A Pod is the minimum deployable unit on kubernetes and consists of one or more Docker containers. You can’t “run a container” in a Kubernetes cluster but you can schedule and “run a pod”.
If we keep using the Operating System metaphor, a pod would be a process and its containers would be threads: each container has its own life (for example it has separated cgroups) but at the same time it's strongly coupled with the other containers in the pod by having shared namespaces, same hostname, same IP address and same open ports.
It's important to note that a pod is atomic and it always runs on one node of the Cluster. In other words, all the containers in a pod always lands in the same Node of the Cluster.
Exercise n.1: create a Pod
First of all, create a pod called
nginx-pod running a single container and
nginx image from Dockerhub:
$ kubectl run nginx-pod --generator=run-pod/v1 --image=nginx Flag --generator has been deprecated, has no effect and will be removed in the future. pod/nginx-pod created
Please ignore the deprecation warning for now, this command is only meaningful in the context of this course and you wouldn't use it in a real world scenario.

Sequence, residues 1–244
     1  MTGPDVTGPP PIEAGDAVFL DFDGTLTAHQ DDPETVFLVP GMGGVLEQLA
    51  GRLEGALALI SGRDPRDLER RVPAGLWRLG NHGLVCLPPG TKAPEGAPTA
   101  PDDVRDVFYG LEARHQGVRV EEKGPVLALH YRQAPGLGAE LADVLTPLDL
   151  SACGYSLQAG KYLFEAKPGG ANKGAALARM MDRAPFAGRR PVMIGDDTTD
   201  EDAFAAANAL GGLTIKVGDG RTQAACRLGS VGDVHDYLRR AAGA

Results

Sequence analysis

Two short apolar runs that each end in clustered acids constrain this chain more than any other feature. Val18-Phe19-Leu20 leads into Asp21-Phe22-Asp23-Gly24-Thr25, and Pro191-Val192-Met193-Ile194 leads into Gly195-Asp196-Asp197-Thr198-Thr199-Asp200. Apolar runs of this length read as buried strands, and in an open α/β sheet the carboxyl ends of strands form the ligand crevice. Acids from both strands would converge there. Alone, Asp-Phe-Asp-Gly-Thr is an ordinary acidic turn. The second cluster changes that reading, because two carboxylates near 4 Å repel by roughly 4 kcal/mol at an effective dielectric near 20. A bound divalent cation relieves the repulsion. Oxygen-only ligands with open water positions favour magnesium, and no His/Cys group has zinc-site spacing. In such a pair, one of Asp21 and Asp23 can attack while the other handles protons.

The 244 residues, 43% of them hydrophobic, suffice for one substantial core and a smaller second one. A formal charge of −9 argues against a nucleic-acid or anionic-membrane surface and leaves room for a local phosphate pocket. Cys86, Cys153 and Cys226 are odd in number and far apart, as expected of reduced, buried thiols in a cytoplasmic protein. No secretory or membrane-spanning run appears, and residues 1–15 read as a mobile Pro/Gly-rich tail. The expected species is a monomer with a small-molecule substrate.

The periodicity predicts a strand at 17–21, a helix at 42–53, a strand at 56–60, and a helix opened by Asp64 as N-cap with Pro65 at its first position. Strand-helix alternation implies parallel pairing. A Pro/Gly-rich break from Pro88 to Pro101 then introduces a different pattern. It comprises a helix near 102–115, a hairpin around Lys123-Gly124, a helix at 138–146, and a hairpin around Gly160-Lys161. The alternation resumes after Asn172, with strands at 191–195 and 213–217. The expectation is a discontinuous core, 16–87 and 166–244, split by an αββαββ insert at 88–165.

Now to get the list of running pods run:
$ kubectl get pods NAME READY STATUS RESTARTS AGE nginx-pod 1/1 Running 0 104s
As we mentioned in the previous unit, we can get a lot more info about an Object
describe, let's do it with our pod:
$ kubectl describe pod nginx-pod Name: nginx-pod Namespace: default ...
Finally, we can delete the pod:
$ kubectl delete pods nginx-pod pod "nginx-pod" deleted
Exercise n.2: interact with a Pod
Let's create the same pod again but this time we expose its TCP port number 80:
kubectl run nginx-pod --generator=run-pod/v1 --image=nginx --port 80
The port is only exposed within the Cluster but there's a way to easily open a connection tunnel to our local host at the port 8080 by running:
$ kubectl port-forward nginx-pod 8080:80 Forwarding from 127.0.0.1:8080 -> 80 Forwarding from [::1]:8080 -> 80kubectl port-forward nginx-pod 8080:80 Forwarding from 127.0.0.1:8080 -> 80 Forwarding from [::1]:8080 -> 80
The tunnel will stay open until you hit CTRL+C, in the meantime you can open the browser at http://localhost:8080 and see the pod serving requests.
Last but not least, we can also get logs for our pod by running:
kubectl logs nginx-pod